How does it feel different playing live, compared to writing in the studio?
I love performing. I flourish on the stage, I’ve done consecutive tours all around the world. I've been direct support for some of my close friends and big artists like Amine, Joey Badass, Sid, A$AP Ferg, and I've been running against Omi and Blas on tour last year. So yeah, I thrive on the stage, I really kill it. But I'm excited for what's to come because I'm putting the band together and I never toured with the band, so. I'm really excited. I feel like this next album really deserves live instrumentation.
Do you do you feel like there's a different vibe in the crowds when you're playing in Europe compared to the States?
I feel like it's just a different energy because you're in a different continent, you know, a different part of the world. I don't get to go there often, it's not like I can just wake up and just walk out my door and be in Europe, it’s not 20 minutes away, you got to get on the plane. And the listeners who appreciate my music from over there, they don't get to see me walking around, run into me at a bar or party, or see me at a restaurant they’re eating at. So it's more of a built-up anticipation to see your favourite artists when they're finally in town. It's felt on both sides, like, I'm happy to be in town, this is the really tight, it feels like that's the magnitude of the energy combined. I’m happy being on a different side of the planet because of my creativity and because of people wanting to see me, that combination of energy makes for a really good show.
Are you planning a tour for this album?
Yeah, I make a point to: we’ll play the classics, lead up to the new shit, try and give everybody what they want. We’re scaling down, probably going to do some intimate cities. I'm checking to see where I should go, should I pull up to Europe? What part of Europe is the magazine in?
Well, METAL’s head offices are in Barcelona. Have you ever been to Spain?
I don't think so, nah.
It's a vibe man, I think you'd like it. Barcelona's a beach city, everything’s right there.
I got to pull up to Spain. I'm definitely trying to route a tour, though, in the States and over there in Europe as well.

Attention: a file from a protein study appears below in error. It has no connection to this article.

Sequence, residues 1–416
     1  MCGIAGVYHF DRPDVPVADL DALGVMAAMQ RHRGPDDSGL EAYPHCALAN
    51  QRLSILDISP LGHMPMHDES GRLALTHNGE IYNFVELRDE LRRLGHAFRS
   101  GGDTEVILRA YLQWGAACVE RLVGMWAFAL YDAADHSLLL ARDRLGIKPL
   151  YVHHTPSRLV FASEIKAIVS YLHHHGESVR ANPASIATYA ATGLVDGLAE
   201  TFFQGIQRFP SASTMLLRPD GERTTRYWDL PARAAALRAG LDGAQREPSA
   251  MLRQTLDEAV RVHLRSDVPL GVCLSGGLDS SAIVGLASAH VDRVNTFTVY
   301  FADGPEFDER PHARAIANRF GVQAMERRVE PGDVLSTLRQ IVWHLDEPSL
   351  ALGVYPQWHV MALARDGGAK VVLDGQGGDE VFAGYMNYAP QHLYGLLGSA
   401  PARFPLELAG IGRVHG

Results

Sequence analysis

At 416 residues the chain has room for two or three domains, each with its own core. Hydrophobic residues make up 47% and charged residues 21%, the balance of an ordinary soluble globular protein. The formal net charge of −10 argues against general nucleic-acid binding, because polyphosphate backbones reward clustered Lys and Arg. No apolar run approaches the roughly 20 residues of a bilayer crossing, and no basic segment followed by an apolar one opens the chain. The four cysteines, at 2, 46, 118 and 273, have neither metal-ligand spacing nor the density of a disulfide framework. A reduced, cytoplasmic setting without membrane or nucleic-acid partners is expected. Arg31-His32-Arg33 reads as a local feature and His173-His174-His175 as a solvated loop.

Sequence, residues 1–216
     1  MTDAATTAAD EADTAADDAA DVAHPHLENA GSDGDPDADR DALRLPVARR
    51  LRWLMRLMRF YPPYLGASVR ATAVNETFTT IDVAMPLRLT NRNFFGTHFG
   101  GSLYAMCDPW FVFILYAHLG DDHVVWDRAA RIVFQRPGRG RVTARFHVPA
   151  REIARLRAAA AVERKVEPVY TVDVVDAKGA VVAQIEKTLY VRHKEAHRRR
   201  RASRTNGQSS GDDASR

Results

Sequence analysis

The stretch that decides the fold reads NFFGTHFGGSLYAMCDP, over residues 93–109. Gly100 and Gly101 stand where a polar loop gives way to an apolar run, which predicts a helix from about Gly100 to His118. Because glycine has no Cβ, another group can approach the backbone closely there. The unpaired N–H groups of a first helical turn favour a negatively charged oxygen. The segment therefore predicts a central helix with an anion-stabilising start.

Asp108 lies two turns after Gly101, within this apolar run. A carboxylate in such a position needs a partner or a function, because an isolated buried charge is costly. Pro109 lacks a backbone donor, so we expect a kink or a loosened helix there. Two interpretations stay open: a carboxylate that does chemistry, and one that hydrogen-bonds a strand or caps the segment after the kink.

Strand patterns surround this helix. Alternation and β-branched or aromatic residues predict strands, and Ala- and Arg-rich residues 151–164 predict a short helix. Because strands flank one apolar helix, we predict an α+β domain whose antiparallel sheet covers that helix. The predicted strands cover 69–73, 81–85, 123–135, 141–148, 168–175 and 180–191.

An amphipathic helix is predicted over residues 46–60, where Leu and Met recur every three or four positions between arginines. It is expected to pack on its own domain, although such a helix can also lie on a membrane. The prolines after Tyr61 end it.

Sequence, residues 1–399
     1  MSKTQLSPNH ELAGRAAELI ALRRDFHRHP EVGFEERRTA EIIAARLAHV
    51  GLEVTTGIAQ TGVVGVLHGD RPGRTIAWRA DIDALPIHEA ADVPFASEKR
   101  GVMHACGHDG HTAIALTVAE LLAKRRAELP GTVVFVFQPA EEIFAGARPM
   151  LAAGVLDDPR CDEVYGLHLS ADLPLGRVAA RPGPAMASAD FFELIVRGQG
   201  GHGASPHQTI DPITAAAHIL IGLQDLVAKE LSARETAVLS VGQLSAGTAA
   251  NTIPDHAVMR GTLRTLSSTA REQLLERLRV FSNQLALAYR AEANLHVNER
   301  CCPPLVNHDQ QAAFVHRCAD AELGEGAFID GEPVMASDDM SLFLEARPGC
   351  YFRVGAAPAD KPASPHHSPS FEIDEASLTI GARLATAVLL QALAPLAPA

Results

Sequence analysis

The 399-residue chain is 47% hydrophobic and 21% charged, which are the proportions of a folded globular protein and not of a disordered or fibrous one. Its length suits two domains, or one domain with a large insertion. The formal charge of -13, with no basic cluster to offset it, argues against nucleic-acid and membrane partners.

How are you approaching things with the band, do you who you’d want to work with?
I've been talking to a couple of music directors that I really trust and they've been pointing me in the right direction, introducing me to some dope instrumentalists and I'm just kind of hand-picking who I want to travel the world with, kick it with all the time, who I want to look at. The best part about being an adult is you get to choose your family.
As a lyricist are there any people that you draw inspiration from in particular?
I woke up and I was listening to ScHoolboy Q’s album, Blue Lips. I’m like man, see, I need to be rapping like this, this is tight! I like the way he stacks his vocals and makes a sonic experience, but with quality bars and rap verse. The hooks be catchy but a little unorthodox, and it all sits on like a nice bed of a beat so perfectly. But my sister been DJing this poetry lounge, and people be doing spoken word, it'll just be random poets going up on the mic and doing poetry. That stuff is tight. And then just reading, I've been trying to get through Nipsey Hussle's book list. I'm nowhere near close, but yeah, I'm skimming through a couple of the books on there.
Is there anyone you'd like to work with in the future, in terms of producers?
Man, I was hanging out with Smino and we ended up at a session with Bad Bad Not Good, I'm trying to work with them some more. I think I would love to hear what that sounds like, the Buddy Bad Bad Not Good song. I've been listening to Jungle as well lately, Jungle is hard. They got that Back on 74. I'm trying to go all over here with it because like I feel like I exist in so many different realms of music - I just made a ratchet song with O3 Geeto and some some niggas from Watts.
Is there an overarching vision or message behind the new tape that you'd like to sort of bring to the listeners?
The album's called Don't Forget To Breathe,  and before I finished the album I took a trip to Portugal. It was like a personal retreat, to set some new intentions. I did a bunch of activities and practices that were all centred around the breath, like guided meditations, yoga sound baths, a lot of journaling and just like going inward for real. And then I came back and finished the album. So the overall sentiment is just like about self-awareness, the moment of stillness and just being present. We were twenty minutes out from Lisbon in Sintra I had my own little villa, had a little koi pond in the back, a yoga studio, I had a little private chef. I was going up, it was really tight. I wasn't smoking or drinking at the time, really took a break and was sober. And just like that, just being present, living in the moment, kind of like tapping in with my inner child and planning ahead for the future.
What’s next for Buddy in 2024?
I'm dropping the album on Good Friday, March 29th. Don’t Forget To Breathe.